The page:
making it invisible. He contrasts traditional practices against “Green Revo-
lution” agriculture. The latter is large-scale, entails a major investment in
machinery and seed genetics from multinationals, and is designed to make
the land adapt to human needs through massive irrigation programs and
monoculture. Women constitute the primary labor force in traditional ag-
riculture, which tends to be smaller in scale and adaptable to local condi-
tions, and to promote diversity. Yet their work is viewed as backward in
the development picture because it is labor-intensive rather than capital-
intensive, and because its strategy is to cooperate with nature rather than
to dominate and control—in short, because it favors what is traditional,
small-scale, and low-tech over what is modern, scientific, rational, and
high-tech. What he finds distinctive about women’s ecological knowledge
is that it is relational, collaborative, situated, temporal, and bodily. Hence
he favors it over the “expertise” of the outsider, who considers the hands-
on wisdom of local women little better than old wives’ tales.
Warren and Curtin agree, then, that male-bias informs the key as-
sumptions in contemporary Western forestry and agricultural practices:
that the outsider knows best; that commercial production is more impor-
tant than what Hilkka Pietila (1985) calls the free economy, that is, the
non-monetary core of the economy consisting in unpaid labor to meet
one’s family’s needs, into which women’s agricultural labor often falls; and
that large-scale production of monoculture is better than small-scale, com-
munity-based forestry using diverse species. What makes these assump-
tions male-biased is that they invest value in the patriarchal institutions of
reason, technoscience, and capital, and devalue women’s sustainable prac-
tices. It is here that the issue becomes awkward: women’s farming is aligned
with sustainability, while corporate or industrial agriculture is identified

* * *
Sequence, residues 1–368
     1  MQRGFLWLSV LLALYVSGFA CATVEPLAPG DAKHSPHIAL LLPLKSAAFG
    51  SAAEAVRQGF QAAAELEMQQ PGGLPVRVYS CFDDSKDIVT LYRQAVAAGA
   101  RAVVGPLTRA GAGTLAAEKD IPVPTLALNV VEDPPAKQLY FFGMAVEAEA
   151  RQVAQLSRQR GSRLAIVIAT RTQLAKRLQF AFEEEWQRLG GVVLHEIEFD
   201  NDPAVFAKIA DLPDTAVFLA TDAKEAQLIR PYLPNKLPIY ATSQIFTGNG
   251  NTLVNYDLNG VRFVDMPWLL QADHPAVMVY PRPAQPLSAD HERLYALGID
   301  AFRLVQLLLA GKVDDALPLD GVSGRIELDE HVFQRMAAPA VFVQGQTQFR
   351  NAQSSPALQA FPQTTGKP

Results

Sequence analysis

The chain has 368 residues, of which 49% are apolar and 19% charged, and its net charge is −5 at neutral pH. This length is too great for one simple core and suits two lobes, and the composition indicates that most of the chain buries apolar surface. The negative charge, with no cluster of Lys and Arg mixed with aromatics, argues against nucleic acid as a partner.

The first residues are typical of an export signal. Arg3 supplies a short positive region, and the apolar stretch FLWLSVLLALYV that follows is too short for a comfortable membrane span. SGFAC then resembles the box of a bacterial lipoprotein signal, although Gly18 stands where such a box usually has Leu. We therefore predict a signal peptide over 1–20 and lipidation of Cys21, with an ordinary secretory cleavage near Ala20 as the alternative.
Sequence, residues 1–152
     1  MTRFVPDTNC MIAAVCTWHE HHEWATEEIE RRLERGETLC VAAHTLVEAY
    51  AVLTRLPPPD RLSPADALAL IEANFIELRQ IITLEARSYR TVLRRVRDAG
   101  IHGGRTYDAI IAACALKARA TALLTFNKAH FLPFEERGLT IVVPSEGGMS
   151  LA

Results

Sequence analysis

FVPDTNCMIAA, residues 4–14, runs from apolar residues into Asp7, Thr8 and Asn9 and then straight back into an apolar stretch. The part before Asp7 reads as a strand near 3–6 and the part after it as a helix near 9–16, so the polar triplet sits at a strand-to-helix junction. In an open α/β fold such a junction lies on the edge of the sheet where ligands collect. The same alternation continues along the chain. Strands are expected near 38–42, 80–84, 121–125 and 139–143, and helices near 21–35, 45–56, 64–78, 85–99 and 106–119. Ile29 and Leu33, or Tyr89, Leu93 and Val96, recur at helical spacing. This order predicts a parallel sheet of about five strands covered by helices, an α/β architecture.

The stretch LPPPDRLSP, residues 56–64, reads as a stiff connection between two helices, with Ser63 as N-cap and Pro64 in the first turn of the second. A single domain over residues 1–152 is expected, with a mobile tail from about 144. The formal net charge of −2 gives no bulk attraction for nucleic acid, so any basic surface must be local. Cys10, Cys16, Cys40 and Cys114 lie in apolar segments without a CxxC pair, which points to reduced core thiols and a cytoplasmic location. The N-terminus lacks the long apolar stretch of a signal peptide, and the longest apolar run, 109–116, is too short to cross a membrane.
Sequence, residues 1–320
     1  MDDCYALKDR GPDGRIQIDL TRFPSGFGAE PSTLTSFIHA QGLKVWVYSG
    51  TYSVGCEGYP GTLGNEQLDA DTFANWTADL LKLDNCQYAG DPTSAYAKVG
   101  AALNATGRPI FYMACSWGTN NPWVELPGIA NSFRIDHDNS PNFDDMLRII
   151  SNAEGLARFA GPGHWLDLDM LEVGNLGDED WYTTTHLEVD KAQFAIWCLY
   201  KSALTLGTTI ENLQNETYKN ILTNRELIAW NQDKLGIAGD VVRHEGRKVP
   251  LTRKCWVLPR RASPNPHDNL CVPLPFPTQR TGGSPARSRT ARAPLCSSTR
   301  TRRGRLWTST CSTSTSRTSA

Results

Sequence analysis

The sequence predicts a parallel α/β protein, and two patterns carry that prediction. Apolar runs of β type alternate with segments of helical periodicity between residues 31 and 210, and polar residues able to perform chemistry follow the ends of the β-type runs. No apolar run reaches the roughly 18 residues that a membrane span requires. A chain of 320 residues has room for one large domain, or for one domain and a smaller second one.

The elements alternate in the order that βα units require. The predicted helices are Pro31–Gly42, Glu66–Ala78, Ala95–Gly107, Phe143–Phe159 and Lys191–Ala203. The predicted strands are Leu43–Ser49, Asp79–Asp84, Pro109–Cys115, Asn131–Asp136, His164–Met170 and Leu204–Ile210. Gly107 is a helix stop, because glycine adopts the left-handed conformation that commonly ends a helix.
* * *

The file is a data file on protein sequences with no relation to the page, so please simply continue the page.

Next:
as phallic. Is this analysis valid? Warren argues that the empirical data
show that it is.
Irene Diamond (1990) showed that environmental health risks are
borne disproportionately by women. Warren uses empirical data to argue
that this inequality has historical and causal significance, as well as many
other implications. The invisibility of women’s labor and agricultural knowl-
edge is epistemologically significant for policies which affect both women’s
livelihood and ecological sustainability. The overlooking of issues of gen-


der, race, class, and age in framing environmental policies and theories is
methodologically significant, and women’s resistance to such policies has
political and practical significance. The data have ethical significance for
theories about women, race, children, and nature, and theoretical signif-
icance for policy, politics, and philosophy. And the language used to con-
ceptualize and describe women and nonhuman nature has symbolic
significance. Yet many of the traditional, sustainable agricultural practices
described by both Warren and Curtin were developed and maintained in
patriarchal societies. Does the data show, then, that patriarchy is inher-
ently unsustainable?
The factors that identify Green Revolution agriculture are characteris-
tic of Western farming practices: technoscientific production of monocul-
ture cash crops. A key distinction between traditional and Green Revolution
agriculture is therefore economic. The latter is for sale and profit, whereas
the former is for local consumption by the family and community of the
grower. Western patriarchal capitalism is exploitative, and patriarchy and
capitalism are difficult to separate conceptually because of their historical
entanglement. But would patriarchal practices necessarily be environmen-
tally exploitative, if they were not embedded in capitalism? If not, then the
globalization of Western agricultural practices is evidence that, though some
ground may have been gained in the West by both feminists and environ-
mentalists, the exploitation characteristic of Western patriarchal capital-